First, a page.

I am reading Hitchin's beautiful paper "The Geometry of Three-forms in Six Dimensions".
Everything goes smooth up to now except for a tiny problem in Section 6.2, which can be formulated as follows. Let $X$ be a complex compact 3-fold with trivial canonical bundle such that the $\partial\bar{\partial}$-lemma holds, (for simplicity we may just think of $X$ as a Calabi-Yau 3-fold). Fix an Hermitian metric on $X$ and define $E=\{\alpha\in\Lambda^3(M,\mathbb{R}):\mathrm{d}\alpha=0,\mathrm{d}^*\alpha\textrm{ has no (2,0) and (0,2) parts}\}$. By Hodge decomposition, $E=E_1\oplus E_2$, where $E_1$ is the space of $\mathrm{d}$-harmonic 3-forms, and $E_2$ consists of $\mathrm{d}$-exact forms. In order to apply implicit function theorem, Hitchin needs to show that the linear map $Q:E_2\to E_2$ is surjective, where $Q(\alpha)=P_2(*J\alpha)$. Here $J$ is the complex structure, $*$ is the Hodge star, and $P_2$ is the orthogonal projection onto $E_2$.

My interpretation of Hitchin's argument goes as the following:
Let $L=\{\mathrm{d}\beta:\beta \textrm{ is a real (1,1)-form}\}$, and it is easy to see that $E_2\subset L$. Therefore $E_2=P_2(E_2)=P_2(L)$. Hitchin showed that for any $\mathrm{d}\beta\in L$, one can find a real (1,1)-form $\mu$ such that $Q(\mathrm{d}\mu)=P_2(\mathrm{d}\beta)$. But it seems that this is not enough to prove the surjectivity since one does not know $\mathrm{d}\mu\in L$ falls into $E_2$.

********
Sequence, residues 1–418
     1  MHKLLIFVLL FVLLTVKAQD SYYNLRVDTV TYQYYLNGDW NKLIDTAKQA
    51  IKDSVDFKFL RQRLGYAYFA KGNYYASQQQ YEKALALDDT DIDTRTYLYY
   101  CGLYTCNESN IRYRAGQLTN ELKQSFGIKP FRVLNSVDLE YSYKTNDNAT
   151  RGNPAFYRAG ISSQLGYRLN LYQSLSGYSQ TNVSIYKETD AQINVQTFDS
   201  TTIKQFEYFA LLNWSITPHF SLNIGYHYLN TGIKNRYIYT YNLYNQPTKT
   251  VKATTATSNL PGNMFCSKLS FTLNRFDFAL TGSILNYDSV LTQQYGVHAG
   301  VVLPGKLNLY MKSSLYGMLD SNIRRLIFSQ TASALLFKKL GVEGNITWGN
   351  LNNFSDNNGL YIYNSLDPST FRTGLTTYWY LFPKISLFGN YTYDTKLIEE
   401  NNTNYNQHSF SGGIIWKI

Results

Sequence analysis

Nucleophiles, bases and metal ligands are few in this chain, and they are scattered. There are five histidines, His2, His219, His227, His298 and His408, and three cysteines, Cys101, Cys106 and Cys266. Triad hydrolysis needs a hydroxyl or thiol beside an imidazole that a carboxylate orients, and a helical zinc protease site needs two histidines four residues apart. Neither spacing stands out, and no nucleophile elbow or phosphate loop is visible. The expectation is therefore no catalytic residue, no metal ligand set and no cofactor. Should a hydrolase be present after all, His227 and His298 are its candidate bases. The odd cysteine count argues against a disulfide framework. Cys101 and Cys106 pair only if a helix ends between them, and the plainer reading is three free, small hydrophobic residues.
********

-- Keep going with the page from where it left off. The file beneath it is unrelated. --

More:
Hitchin's explanation is the following:
"Note that if $\beta$ is of type (2,0)+(0,2), $P_2(*J\mathrm{d}\beta)=0$, so surjectivity for $\mathrm{d}\beta\in L^2_k(\Lambda^3)$ implies surjectivity on the transversal $E_2$."

Here $L^2_k$ just means Sobolev space. My questions are: 1) why $P_2(*J\mathrm{d}\beta)=0$ given that $\beta$ is of type (2,0)+(0,2); 2) why is this enough to prove that $Q$ is surjective?

Thank you!

This post imported from StackExchange MathOverflow at 2014-10-06 13:29 (UTC), posted by SE-user Piojo